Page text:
The Significance of the Debate over the Welfare Benefits Bill.

The John McDonnell Column

The debate over the Welfare Benefits Bill was of immense significance for several reasons.

The first reason is that this was a stark and fundamental debate over who should pay for the economic crisis and the Coalition lost control of the debate.

WelfareBillThe Welfare Benefits Bill was the clearest of statements from the Coalition that any recovery is to be built on the backs of the poor. Alongside it, the tax cut for the top rate taxpayers put it beyond doubt that the rich are to be protected. The role of the Coalition Government is to ensure that it is the working class that pays for the crisis and that the rich and the corporations (i.e. capital) are protected from bearing the cost of the recession they created. What has knocked the Coalition back on its heels is that not only did it lose its usual control of the debate, it also brought into being a wide ranging alternative coalition of opponents. This alternative coalition included not just the left and trade unions but a large section of civil society organisations, media commentators and, more importantly as shown by a number of polls, a majority of the people.

The second reason the debate over the Welfare Benefits Bill was significant is that for the first time, as a result of concerted pressure from the left in particular, a key decision was taken by the Labour leadership to vote decisively against a Coalition Bill that attacked the poor.

Up until now the Labour leadership has been frightened of voting against Coalition austerity measures that cut benefits, wages or pensions for fear of being accused of being deficit deniers or on the side of so called “skivers” – that disgusting term which harks back to the debate two centuries ago on the Poor Law. It is worth reading again the early book of J L and Barbara Hammond which describes the period of that Poor Law debate as “The Bleak Age”. This book describes how in those debates the poor became the culprits and not the victims of the poverty caused by early capitalism. The trajectory of that debate institutionalised the stigmatisation of the poor in the form of the workhouse. The modern ideological onslaught against the poor is being institutionalised in workfare.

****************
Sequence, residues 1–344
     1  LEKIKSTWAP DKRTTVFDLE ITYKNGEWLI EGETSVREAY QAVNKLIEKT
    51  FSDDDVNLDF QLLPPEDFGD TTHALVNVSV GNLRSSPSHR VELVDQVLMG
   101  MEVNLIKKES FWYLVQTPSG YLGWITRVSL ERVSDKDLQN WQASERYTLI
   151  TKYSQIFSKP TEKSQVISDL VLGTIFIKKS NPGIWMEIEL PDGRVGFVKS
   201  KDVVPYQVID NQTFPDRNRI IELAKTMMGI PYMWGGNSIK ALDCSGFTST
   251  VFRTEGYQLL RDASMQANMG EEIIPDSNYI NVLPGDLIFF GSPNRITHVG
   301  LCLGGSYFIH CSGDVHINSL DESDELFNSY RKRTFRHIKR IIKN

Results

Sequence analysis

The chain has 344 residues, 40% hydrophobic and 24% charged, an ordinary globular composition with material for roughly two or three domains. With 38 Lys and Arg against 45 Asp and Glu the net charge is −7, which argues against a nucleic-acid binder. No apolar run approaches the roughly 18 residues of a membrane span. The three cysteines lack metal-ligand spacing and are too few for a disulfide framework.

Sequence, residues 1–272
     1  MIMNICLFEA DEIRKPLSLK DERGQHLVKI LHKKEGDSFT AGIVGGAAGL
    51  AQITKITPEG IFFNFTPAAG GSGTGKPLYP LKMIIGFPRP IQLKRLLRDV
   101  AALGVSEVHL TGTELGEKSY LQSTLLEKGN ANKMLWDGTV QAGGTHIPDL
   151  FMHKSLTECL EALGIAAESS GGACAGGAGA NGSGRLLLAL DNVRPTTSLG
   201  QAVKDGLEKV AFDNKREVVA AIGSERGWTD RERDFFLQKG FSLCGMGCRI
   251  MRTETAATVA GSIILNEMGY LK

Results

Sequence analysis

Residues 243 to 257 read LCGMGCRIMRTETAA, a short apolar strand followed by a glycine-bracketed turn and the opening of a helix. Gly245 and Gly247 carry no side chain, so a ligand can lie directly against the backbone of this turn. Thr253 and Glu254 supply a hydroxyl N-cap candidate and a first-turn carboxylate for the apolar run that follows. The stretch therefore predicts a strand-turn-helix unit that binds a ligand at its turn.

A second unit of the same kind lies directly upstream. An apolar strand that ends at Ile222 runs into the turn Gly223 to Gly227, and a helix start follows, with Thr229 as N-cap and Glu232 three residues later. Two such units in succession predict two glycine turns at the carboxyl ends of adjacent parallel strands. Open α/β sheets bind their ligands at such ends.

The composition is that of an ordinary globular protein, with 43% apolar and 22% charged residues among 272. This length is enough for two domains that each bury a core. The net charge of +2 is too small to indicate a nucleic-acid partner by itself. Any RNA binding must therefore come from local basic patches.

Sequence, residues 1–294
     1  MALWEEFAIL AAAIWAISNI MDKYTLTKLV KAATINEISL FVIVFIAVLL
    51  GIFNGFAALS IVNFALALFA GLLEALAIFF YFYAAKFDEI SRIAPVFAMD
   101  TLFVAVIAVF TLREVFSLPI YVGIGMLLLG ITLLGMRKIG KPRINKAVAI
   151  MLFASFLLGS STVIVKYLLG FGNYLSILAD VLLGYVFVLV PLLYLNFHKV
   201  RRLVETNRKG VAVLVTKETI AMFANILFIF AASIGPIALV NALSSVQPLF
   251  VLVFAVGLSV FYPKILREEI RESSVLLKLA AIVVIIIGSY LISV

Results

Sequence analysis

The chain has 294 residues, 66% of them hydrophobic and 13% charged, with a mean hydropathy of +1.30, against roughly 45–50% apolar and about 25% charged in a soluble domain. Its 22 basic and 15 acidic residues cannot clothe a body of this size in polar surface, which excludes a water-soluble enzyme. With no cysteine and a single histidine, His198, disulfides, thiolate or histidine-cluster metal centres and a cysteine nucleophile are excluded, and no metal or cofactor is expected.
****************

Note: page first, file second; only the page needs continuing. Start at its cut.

Up until now the Labour leadership had been fearful about voting against the Housing Benefit cap, had refused to oppose the cut to pensions caused by the shift from RPI to CPI in upratings and had even supported the pay and pension cuts for public sector workers. Ed Balls brought forward his embarrassing and disgraceful proposals for workfare for the long term unemployed as part of the spin associated with Labour’s media strategy for dealing with the Welfare Benefits Bill. But this fig leaf of cover for the residual elements of New Labour was swept aside by the wave of enthusiasm for being on the right side of this moral argument and directly opposing an attack on the poor. Consequently the overwhelming tide of Labour MPs, and frontbench public statements and speeches, against the Bill were based upon opposing its attack on the poor while the rich and powerful were not just spared but financially rewarded. This was the result of a clear position of principle being taken by the left from the beginning, and support for that position being mobilised at every level in the movement.

The third reason for recognising the importance of this debate is that it has demonstrated that the left can set a new agenda and motivate political shifts just at the time when we are seeking to bring into focus the issues of poverty pay, trade union rights and cuts to local council services.

As the economy looks as though it will soon enter a triple dip recession, the most precarious workers will be hit even harder by a combination of pay cuts and price rises. At the same time the new devolved system for Council Tax collection will mean that many of the poorest in our society will be forced to pay the Council Tax for the first time out of benefits that have already been cut. Even Patrick Jenkins, the Tory Minister who introduced the Poll Tax, has warned the Coalition about the potential backlash this new Poll Tax will provoke. Local council services that are stretched as it is will be cut even further by loss of government grants and loss of revenue from a new uncollectable Poll Tax. The LRC has a critical role to play in putting these issues on the political agenda, in mobilising the opposition to local council cuts and the new Poll Tax and throwing ourselves into the direct action and industrial campaigns against the exploitation of precarious workers.

One such example is the ‘Can’t Pay, Won’t Pay’ initiative, driven by women activists, to target the payday loan industry following International Women’s Day in March.

There is a new feeling of confidence and solidarity building for us to seize upon.

John McDonnell is MP for Hayes and Harlington and Chair of the Socialist Campaign Group of Labour MPs and the Labour Representation Committee.

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